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Bonnie J. McBride

Sanford Gordon and Bonnie McBride
Sanford Gordon and Bonnie McBride


Sanford Gordon and Bonnie McBride were two center scientists who worked side by side to develop one of the most important and widely used computer programs in the aerospace industry. The duo wrote Computer Program for Calculation of Complex Chemical Equilibrium Compositions, Rocket Performance, Incident and Reflected Shocks, and Chapman-Jouguet Detonations in 1971 and continued for decades to make updates and improvements to the program. For over 45 years, the program and its upgraded versions have been used worldwide in designing and analyzing compressors, turbines, nozzles, engines, shock tubes, heat exchangers and chemical processing equipment. Now called Chemical Equilibrium with Applications (CEA), the program is still in wide use by the aerodynamics and thermodynamics community, with over 2000 copies in distribution. CEA calculates chemical equilibrium compositions and the properties of complex mixtures. Applications include assigned thermodynamic states, theoretical rocket performance, Chapman-Jouguet detonations, and shock-tube parameters for incident and reflected shocks. The program is associated with independent databases of the transport and thermodynamic properties of over 2000 individual species.

In 1993 McBride and Gordon were awarded a Space Act Monetary Award by NASA’s Inventions and Contributions Board for their Chemical Equilibrium and Transport Properties Code (CET89). The board identified it as one of NASA’s exceptional scientific and technical contributions for the 1990s. As with previous versions of the code, the program was used worldwide and had a wide range of applications—from Space Shuttle Main Engine design to testing nuclear propulsion concepts.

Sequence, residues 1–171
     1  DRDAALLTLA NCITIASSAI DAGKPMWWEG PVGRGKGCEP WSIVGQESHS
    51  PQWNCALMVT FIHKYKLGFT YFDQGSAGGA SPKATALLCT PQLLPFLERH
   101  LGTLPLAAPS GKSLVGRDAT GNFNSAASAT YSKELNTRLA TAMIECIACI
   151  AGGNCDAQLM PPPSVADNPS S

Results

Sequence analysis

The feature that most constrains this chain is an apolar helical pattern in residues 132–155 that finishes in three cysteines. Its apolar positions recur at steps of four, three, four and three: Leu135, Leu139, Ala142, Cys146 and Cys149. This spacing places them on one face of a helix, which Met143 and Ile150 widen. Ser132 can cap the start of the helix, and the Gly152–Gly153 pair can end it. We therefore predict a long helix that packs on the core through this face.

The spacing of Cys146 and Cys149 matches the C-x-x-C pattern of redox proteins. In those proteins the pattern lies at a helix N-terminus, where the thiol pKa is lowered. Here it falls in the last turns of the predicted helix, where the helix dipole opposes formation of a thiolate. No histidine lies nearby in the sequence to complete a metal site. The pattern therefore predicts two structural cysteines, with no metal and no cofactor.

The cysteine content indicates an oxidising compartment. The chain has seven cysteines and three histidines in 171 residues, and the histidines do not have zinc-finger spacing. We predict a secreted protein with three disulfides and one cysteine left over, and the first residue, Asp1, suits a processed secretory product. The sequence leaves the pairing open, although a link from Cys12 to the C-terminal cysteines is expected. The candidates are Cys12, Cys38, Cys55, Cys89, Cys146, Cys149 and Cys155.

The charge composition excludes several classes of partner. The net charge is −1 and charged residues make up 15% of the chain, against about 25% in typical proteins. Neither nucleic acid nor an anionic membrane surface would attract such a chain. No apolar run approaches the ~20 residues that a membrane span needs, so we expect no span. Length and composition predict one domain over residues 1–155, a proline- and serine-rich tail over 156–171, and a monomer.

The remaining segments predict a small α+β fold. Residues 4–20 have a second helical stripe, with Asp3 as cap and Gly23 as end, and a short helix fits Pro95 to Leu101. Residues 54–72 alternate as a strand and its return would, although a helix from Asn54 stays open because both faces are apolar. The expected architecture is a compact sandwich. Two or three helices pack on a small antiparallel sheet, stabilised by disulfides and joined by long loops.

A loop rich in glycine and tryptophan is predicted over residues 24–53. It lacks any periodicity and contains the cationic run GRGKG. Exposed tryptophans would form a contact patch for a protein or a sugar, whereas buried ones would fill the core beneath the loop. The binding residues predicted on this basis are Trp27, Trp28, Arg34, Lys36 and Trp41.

Bonnie McBride joined the center in 1957, initially working on the generation of thermodynamic data for calculating chemical equilibrium composition and rocket performance. In the mid-1960s, she used FORTRAN IV to do a major rewrite of the code that Gordon had been working on. The resulting code, Chemical Equilibrium Code for 1971 (CEC71), was distributed widely. In 1967, McBride and Gordon consolidated and documented the computer codes used in calculating and fitting thermodynamic data into a single FORTRAN IV code, Properties and Coefficients 1 (PAC1).

Gordon and McBride continued to make updates to the chemical equilibrium and applications code, the thermodynamic databases, and associated codes until their deaths. Bonnie J. McBride died in 2005 after 48 years with NASA. She was awarded the NASA Exceptional Service Award in 1991 for her work. Their work continues to make an impact around the world today as the center continues to host a website with the most recent version of the code for continued widespread use.


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